UCI Master of Public Health Practicum Project: Factors and Barriers Affecting Use of Active and Sustainable Transportation Among UC Irvine Students

by Samer Khan, 2018-2019 CNI Student Engagement Fellow

The University of California’s Carbon Neutrality Initiative (CNI) aims to achieve UC-wide carbon neutrality by 2025. With this, UC campuses and medical centers are implementing infrastructural changes and promoting a sustainability culture to advance this initiative. UC Irvine (UCI) is often recognized for its efforts to become carbon neutral through LEED Certified buildings, reduced food waste in the dining halls, and a zero-emissions campus shuttle system. Although, an increasing amount of traffic at UCI was attributed to students using on-demand ride-share services, such as Lyft or Uber, to travel to campus. However, these students often live short distances from campus and have options to use alternative modes of transportation that are active and/or are more sustainable than gasoline vehicles. Active transportation involves using manual labor, such as bicycling and walking, to travel. Sustainable transportation is defined as methods of travel with low carbon emissions. Carpooling, the Anteater Express (AE), and active transportation all have lower carbon footprints than driving gasoline vehicles and using on-demand ride-services.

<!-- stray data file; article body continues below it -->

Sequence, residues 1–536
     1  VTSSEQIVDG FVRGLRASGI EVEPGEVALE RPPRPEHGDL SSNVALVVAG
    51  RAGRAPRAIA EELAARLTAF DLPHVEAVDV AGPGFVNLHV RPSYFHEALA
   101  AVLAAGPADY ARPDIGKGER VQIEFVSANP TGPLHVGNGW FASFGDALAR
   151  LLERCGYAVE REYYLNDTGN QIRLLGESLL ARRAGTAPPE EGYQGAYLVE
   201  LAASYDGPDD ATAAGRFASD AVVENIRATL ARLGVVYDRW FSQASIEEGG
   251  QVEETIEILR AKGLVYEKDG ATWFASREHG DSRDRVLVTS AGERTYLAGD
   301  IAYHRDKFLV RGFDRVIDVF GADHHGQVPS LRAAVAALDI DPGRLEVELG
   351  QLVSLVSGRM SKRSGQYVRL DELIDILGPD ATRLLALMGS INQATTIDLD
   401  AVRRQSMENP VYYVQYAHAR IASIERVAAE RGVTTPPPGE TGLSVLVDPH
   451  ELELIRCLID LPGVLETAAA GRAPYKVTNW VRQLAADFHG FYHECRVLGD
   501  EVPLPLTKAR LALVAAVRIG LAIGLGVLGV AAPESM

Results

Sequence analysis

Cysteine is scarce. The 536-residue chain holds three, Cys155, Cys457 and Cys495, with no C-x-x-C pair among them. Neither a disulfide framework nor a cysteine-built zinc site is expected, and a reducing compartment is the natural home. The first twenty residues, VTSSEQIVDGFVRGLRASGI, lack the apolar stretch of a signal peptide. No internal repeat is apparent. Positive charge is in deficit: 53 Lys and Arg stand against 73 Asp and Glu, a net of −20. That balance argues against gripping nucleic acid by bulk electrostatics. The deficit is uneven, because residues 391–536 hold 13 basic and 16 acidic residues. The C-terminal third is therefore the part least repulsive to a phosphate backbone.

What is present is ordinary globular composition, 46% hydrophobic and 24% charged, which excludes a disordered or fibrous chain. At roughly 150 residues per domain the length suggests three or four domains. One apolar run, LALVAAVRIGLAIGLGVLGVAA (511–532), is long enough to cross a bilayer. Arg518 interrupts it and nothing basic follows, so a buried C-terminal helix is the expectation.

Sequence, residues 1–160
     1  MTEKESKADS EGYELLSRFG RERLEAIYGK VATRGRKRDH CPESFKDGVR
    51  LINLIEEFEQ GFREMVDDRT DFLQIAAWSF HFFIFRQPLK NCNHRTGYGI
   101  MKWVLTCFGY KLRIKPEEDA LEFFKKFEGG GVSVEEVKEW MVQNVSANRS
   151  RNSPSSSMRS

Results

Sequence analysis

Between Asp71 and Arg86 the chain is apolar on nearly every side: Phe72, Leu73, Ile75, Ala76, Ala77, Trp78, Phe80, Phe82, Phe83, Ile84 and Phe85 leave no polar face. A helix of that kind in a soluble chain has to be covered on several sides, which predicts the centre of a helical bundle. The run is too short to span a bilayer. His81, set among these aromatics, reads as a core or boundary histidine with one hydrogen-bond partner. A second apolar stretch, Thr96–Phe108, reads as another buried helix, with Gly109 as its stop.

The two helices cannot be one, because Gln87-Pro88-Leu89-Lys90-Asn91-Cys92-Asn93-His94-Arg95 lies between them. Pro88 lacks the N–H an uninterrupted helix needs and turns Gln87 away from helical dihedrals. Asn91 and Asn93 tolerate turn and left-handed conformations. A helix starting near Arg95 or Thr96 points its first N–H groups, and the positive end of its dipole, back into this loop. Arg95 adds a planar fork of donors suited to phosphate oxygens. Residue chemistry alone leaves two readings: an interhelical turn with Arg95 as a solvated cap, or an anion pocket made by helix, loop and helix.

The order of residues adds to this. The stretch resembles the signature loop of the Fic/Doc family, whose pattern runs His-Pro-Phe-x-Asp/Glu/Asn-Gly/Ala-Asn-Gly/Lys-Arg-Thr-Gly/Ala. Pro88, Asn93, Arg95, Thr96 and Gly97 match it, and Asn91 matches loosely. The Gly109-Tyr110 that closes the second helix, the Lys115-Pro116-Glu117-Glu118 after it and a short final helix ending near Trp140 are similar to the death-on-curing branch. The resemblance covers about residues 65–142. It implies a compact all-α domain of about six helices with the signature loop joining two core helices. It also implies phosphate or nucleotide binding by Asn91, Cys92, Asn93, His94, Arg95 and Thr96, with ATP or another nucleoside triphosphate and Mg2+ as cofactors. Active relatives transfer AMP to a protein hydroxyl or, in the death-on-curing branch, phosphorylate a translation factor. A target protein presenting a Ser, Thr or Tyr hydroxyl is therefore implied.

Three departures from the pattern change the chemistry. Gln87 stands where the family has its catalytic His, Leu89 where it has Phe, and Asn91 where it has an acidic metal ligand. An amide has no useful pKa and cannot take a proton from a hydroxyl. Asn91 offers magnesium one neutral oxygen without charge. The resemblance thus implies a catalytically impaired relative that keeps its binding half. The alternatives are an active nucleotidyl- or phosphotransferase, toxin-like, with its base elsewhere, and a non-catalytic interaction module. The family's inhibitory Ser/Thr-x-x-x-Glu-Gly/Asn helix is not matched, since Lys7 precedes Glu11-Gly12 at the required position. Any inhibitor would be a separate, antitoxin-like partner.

Focus groups with undergraduate students living either near or far from UCI were conducted to understand what factors influence transportation methods. Participants also completed surveys covering transportation habits and demographics. Focus group and survey questions were designed with materials from the UCI Transportation Center. Students were recruited through campus organizations associated with UCI’s Sustainability Resource Center (SRC). Convenience, Time, and Cost were among the major factors that influenced transportation decisions. Students living on/near campus could easily use active/sustainable transportation and reported that driving was unnecessary. Students living in UCI housing recommended that the AE and campus bicycle/skateboard policies need improvements. Students living farther from campus reported that public transportation was unreliable, inefficient, and that UCI could better accommodate students with longer commutes. Findings from the focus groups and surveys can potentially inform programs offered by both the SRC and Transportation Center to encourage students to maintain sustainable and/or active forms of transportation.